On August 28, 1963 hundreds of thousands of demonstrators flocked to the nation’s capital for the March on Washington for Jobs and Freedom, where Dr. Martin Luther King Jr. delivered his famous “I Have a Dream” speech. It was Clayborne Carson’s first demonstration. A nineteen year old black student from a working-class family in New Mexico, Carson hitched a ride to Washington. Unsure how he would return home, he was nonetheless certain that he wanted to connect with the youthful protesters and community organizers who spearheaded the freedom struggle. Decades later, Coretta Scott King selected Dr. Carson—then a history professor at Stanford University-- to edit the papers of her late husband.
In this candid and engrossing memoir, he traces his evolution from political activist to activist scholar. He vividly recalls his involvement in the movement’s heyday and in the subsequent turbulent period when King’s visionary Dream became real for some and remained unfulfilled for others. He recounts his conversations with key African Americans of the past half century, including Black Power firebrand Stokely Carmichael and dedicated organizers such as Ella Baker and Bob Moses. His description of his long-term relationship with Coretta Scott King sheds new light on her crucial role in preserving and protecting her late husband’s legacy.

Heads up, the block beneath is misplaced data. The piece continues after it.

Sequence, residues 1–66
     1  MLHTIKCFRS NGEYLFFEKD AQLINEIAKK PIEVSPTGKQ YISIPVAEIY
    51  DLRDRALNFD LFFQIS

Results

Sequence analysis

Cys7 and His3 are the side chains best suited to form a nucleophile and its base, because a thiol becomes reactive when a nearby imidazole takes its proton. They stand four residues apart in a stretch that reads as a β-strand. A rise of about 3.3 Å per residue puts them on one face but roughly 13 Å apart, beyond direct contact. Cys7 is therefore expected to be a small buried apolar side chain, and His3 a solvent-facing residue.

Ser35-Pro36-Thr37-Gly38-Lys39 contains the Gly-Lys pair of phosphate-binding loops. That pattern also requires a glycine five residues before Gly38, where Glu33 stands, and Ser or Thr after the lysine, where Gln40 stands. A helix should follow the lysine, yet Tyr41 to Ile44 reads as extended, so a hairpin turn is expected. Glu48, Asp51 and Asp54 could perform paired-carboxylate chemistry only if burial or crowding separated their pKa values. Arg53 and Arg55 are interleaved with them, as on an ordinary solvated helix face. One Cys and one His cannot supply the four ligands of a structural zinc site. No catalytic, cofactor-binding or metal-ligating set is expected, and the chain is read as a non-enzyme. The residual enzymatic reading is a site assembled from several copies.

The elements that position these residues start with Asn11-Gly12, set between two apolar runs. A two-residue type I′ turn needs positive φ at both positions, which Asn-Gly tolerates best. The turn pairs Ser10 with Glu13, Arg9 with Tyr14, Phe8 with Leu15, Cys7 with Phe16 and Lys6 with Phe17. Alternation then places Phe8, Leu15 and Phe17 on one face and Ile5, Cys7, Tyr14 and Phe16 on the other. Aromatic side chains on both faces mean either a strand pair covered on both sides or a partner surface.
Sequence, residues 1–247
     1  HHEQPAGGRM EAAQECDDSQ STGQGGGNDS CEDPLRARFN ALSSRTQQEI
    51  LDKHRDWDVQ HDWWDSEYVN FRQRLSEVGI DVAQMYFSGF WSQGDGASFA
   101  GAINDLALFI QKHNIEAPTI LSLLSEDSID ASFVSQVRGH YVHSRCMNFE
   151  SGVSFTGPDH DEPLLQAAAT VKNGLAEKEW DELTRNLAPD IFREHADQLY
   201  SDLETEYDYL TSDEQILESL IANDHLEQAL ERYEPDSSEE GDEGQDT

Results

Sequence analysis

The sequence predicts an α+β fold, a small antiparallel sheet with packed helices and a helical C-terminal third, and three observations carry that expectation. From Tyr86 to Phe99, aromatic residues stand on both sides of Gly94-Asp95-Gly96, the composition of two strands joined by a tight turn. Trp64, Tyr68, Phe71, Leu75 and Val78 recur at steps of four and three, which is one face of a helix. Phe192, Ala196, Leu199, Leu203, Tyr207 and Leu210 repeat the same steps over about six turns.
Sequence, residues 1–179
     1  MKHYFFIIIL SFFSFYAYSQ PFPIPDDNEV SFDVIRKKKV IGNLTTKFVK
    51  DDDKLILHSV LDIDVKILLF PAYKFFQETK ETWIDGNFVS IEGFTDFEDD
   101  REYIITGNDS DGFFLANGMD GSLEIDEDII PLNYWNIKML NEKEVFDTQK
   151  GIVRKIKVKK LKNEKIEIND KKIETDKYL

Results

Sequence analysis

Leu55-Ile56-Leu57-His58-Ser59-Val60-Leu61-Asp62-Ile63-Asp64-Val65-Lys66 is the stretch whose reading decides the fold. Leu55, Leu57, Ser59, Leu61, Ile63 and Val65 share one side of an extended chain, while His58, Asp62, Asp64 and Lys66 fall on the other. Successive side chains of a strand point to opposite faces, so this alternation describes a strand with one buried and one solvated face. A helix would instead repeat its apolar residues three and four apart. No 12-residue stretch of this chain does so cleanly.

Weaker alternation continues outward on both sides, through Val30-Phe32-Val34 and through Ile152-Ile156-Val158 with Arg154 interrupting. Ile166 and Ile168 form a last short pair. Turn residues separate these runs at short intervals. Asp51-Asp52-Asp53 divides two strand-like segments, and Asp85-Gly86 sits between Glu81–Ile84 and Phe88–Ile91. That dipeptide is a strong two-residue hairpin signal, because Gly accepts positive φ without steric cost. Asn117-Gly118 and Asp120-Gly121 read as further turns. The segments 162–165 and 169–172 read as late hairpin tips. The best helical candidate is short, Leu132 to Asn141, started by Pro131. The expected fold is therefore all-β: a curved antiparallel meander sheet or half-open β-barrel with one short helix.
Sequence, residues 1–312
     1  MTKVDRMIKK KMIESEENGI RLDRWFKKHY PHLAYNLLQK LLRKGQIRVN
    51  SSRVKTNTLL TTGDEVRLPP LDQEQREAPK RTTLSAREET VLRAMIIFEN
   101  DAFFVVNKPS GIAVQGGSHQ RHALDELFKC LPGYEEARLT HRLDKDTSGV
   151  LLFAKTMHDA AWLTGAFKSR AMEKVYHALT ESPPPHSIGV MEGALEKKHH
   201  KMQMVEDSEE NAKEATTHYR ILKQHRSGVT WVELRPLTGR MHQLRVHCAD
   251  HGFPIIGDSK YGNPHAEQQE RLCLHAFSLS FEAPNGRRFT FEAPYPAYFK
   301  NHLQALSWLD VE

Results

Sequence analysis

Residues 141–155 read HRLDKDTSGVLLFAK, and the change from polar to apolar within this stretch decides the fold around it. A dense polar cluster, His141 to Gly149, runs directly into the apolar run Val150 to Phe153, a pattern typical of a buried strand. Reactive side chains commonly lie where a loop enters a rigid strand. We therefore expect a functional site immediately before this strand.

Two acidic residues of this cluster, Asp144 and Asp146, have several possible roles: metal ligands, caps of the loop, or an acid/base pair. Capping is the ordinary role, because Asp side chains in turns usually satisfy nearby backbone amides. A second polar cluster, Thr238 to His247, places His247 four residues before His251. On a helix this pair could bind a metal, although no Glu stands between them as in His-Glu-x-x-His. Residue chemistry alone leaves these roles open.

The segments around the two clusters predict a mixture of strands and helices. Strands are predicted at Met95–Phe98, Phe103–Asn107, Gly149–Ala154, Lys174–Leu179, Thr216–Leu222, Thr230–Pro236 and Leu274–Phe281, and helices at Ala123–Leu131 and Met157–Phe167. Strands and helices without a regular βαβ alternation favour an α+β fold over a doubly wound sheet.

Written from the unique perspective of a renowned scholar, this highly readable account gives readers valuable new insights about the global significance of King’s inspiring ideas and his still unfolding legacy.